No B.S. guide to monitors (for developers)
You'd think choosing a monitor would be easy: just get the most inches and pixels available for your budget - job done. Bigger means better, right? Not exacty.
This post is written for someone who uses macOS and spends most of the day looking at text. If you're into gaming, video/photo editing or something else, your mileage might vary.
- Look for PPI value close to 110 or 220
- Retina displays look awesome, but do not improve your productivity
- Prioritize quality stand and USB-C connectivity with power delivery
- Consider window management before choosing ultrawide or multiple monitor setup
- Screen size should come last
In Apple we trust
As with many things in life, you can solve this problem quicker by throwing money at it. If you do not care about the price and simply want the best, just go ahead and get LG UltraFine 4K or 5K monitor. Those models were designed in collaboration with Apple, so they are pretty much guaranteed to deliver a good experience on MacOS. I've been fortunate enough to have tried both and 5K is my main display in the office. Their design is a bit uninspired - and that's coming from someone who usually enjoys utilitarian design - and they have no ports apart from thunderbolt and usb-c. It all ceases to matter once you turn it on and glimpse at the screen. Those truly are the best of the best. Though if you're ready to spend that amount at money on a monitor (5K goes for 1400eur where I live), I'd consider throwing in a few hundred euros more and geting the whole iMac. You'd be getting a better looking device, wider port selection, decent speakers, oh and a powerful computer too. Just seems like better value.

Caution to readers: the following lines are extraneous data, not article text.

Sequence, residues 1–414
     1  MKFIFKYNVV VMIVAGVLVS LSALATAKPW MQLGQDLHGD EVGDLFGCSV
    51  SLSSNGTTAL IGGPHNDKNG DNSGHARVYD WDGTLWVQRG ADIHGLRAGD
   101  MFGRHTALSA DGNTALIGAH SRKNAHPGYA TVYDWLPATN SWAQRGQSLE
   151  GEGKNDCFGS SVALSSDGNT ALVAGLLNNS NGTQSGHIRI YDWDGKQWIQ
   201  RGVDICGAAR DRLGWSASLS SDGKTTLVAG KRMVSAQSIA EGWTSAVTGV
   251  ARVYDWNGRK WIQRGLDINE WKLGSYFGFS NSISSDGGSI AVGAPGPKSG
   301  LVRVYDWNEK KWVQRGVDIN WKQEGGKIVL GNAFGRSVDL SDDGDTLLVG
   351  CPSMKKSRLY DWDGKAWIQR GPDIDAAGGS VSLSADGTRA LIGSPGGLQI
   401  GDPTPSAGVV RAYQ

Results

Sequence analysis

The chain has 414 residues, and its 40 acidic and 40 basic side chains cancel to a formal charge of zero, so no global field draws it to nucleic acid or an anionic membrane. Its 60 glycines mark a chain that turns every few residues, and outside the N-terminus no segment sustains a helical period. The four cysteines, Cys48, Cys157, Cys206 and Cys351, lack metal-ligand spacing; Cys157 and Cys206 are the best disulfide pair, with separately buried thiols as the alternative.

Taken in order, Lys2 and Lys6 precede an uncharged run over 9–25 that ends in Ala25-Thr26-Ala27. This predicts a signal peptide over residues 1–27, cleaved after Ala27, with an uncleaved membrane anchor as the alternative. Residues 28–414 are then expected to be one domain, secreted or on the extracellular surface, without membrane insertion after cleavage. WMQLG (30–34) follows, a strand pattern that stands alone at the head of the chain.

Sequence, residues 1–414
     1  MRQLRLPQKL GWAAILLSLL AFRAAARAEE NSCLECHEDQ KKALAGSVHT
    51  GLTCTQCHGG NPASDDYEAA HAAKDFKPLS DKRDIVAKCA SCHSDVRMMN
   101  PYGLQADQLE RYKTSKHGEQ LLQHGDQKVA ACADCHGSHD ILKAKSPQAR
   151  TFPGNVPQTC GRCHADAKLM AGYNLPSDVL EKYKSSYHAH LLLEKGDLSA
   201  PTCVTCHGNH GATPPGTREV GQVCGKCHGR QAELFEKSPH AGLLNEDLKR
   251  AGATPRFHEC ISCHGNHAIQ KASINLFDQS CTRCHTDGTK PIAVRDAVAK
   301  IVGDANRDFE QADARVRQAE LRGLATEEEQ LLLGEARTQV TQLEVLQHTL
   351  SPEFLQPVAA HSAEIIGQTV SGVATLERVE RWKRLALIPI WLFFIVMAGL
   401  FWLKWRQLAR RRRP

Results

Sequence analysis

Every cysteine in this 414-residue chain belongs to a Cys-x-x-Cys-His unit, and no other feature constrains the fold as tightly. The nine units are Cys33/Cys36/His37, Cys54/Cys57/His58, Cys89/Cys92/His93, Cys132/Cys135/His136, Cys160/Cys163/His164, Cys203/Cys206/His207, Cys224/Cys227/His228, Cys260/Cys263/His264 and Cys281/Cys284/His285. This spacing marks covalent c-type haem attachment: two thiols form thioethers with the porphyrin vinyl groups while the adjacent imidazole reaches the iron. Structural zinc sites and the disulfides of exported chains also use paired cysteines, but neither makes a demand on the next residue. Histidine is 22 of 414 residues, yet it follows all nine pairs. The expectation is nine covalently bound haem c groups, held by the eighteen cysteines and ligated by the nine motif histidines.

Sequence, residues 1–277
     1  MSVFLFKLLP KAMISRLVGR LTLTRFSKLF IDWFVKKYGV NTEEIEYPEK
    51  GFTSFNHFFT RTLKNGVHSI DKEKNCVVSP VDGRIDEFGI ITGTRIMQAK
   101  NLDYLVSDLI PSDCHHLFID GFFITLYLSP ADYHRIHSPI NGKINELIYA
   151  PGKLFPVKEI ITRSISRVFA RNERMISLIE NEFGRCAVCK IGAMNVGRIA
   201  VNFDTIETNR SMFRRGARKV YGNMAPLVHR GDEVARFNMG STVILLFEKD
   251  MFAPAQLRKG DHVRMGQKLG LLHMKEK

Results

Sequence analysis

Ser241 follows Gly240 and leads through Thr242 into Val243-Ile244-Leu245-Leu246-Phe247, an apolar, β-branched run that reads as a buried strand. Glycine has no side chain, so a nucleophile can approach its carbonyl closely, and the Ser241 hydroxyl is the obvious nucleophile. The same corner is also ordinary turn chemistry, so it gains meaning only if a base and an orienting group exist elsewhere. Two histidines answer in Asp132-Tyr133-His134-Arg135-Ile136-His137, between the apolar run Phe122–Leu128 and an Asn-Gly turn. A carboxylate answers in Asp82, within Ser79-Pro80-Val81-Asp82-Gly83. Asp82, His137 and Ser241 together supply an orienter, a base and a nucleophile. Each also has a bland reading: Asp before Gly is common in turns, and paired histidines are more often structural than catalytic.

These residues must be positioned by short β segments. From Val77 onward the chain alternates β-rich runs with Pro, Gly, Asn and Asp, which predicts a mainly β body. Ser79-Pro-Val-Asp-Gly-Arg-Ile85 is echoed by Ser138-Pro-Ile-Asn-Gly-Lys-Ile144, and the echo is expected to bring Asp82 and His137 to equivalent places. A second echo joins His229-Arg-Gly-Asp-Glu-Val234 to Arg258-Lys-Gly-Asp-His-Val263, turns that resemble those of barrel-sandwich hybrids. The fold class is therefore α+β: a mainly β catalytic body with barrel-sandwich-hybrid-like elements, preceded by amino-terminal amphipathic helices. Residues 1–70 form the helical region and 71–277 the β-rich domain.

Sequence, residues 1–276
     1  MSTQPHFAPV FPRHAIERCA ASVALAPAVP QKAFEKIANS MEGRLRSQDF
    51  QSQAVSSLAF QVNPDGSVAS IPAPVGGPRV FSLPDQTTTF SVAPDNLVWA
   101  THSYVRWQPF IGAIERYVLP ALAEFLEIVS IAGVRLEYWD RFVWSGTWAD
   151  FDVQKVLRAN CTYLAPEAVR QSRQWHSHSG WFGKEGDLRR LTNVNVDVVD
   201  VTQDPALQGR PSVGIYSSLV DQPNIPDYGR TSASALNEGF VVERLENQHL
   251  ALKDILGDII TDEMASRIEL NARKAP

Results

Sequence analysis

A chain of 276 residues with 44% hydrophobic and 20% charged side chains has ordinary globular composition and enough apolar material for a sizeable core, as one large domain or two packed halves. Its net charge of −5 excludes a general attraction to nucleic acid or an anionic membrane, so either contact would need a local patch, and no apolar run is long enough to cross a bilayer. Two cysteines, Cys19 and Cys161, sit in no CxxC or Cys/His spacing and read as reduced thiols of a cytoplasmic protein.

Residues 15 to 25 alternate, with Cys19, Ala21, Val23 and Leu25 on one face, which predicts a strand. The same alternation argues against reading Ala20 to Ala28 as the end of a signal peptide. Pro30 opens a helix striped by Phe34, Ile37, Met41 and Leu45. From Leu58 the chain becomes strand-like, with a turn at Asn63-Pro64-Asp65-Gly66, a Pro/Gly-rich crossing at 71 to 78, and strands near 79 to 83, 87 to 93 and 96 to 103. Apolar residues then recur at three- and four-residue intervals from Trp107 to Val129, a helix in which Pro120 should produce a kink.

The rest of us
For those of us who do not wish to spend that kind of money on a monitor, do not despair - there are still plenty of choices. You just need to understand what matters, what doesn't, and what trade-offs you're willing to make.
Pixel density is king
The single most important number that describes your day-to-day experience with a monitor is not the resolution or screen size, but the combination of the two - pixel density. You'll most often see it measured in PPI, meaning pixels per inch. All other things being equal, bigger PPI will mean a sharper image. However, more is not necessarily better, as operating systems are designed with a specific PPI values in mind. For macOS it happens to be somewhere around 110 PPI; Windows look best ar roughly 95 PPI. Go higher than that and UI elements can become too small to see without straining. "But in that case can't I just scale it out?" You can, but scaling is not a solved problem. If you care about image quality, you cannot zoom in by any arbitrary factor (see explainer about Retina). If you've ever tried to set your display to a non-native resolution only to have everything come out blurry, you already know this. It also depends heavily on individual apps - some are better at scaling than others. Unless you have a good reason for going against that, I'd stay near the expected PPI for each operating system.